I'm not entirely believing this, But I'm just going to stay away Kentucky anyway.
kitanabychoice 26th-Nov-2012 06:56 pm (UTC)
Side-eyeing the fuck out of Kentucky rn. I wonder, what is so damned hard about keeping your religion (or lack thereof) to yourself? I have to say, the older I get, the more weary I become of having to hide my agnosticism in mixed company because people can't seem to accept that Christianity isn't the only source of moral fiber and way of believing.
vulturoso 26th-Nov-2012 11:00 pm (UTC)
They're like exhibitionists, but somehow more unbearable.
lainiest 26th-Nov-2012 06:58 pm (UTC)
I saw this a week or so ago and I wondered then, as I do now, what the law's actual penal code is (I'd like to see a more official explanation of it and the only reference I've been able to find is dozens of other websites referencing that article), and whether they're actually actively convicting people of violating it.
perthro 26th-Nov-2012 10:03 pm (UTC)
http://kysecurity.files.wordpress.com/2012/11/cert_petition.pdf

Here's a copy of the petition for writ of certiorari. It doesn't matter if they're actually convicting people. It's just as problematic at the laws formerly on the books persecuting people for being gay. Whether or not anyone is actually convicted doesn't matter. This shit is codified into law. It means something.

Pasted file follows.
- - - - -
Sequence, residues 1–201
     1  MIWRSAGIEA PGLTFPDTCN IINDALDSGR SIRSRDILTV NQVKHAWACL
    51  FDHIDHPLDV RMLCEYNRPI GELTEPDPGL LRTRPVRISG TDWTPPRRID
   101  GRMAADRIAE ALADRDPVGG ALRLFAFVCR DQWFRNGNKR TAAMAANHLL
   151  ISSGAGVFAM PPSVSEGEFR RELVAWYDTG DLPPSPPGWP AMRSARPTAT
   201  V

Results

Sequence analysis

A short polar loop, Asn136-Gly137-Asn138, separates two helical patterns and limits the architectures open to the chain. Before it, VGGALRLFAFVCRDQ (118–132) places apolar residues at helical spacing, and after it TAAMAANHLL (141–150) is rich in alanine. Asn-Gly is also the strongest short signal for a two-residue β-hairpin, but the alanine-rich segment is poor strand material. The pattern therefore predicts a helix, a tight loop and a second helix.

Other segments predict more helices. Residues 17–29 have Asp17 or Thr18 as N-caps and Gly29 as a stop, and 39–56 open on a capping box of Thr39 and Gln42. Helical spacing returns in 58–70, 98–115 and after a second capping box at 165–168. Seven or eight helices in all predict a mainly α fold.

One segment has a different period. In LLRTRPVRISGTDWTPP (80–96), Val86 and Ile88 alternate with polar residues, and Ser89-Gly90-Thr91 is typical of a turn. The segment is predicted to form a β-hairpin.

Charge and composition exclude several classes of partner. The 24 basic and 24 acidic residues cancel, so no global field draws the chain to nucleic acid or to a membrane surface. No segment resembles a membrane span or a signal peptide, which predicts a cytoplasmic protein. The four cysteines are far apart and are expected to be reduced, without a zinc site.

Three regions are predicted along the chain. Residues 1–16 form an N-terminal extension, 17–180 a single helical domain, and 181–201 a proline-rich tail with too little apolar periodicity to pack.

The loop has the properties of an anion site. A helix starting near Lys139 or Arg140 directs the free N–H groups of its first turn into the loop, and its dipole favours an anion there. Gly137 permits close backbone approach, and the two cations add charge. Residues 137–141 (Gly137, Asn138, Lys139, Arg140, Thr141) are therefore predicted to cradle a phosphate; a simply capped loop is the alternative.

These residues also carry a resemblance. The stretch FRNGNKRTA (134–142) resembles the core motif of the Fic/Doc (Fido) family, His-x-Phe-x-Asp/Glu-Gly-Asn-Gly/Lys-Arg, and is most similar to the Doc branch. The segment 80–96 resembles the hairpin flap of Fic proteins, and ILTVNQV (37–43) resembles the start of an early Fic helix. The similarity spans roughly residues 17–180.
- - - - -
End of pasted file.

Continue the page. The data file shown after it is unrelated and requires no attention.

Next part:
terra_tenshi 26th-Nov-2012 07:52 pm (UTC)
Out of curiosity, anyone know what the difference between this and something like having "under God" written in courtrooms and in all our money and in our pledge of allegiance and having people swear on the Bible to tell the truth? Not saying any of these things are right, just curious if anyone knows what kind of legal difference it makes.
____jonas 26th-Nov-2012 08:19 pm (UTC)
Those things aren't really constitutional either, but the potential loss of liberty here (a person's freedom for up to a year) is what makes this particularly troublesome, even if it's never enforced.
crossfire 26th-Nov-2012 09:08 pm (UTC)
the Kentucky state Supreme Court has refused to review its constitutionality

Why?
johnjie 26th-Nov-2012 10:14 pm (UTC)
What the actual fuck

Way to shit on non-Christian Americans, Kentucky.
vulturoso 26th-Nov-2012 11:03 pm (UTC)
Hey, everyone: this is why you don't elect practicing ministers or religious mouthpieces of any kind to government office. They can't control themselves. They're like toddlers with power.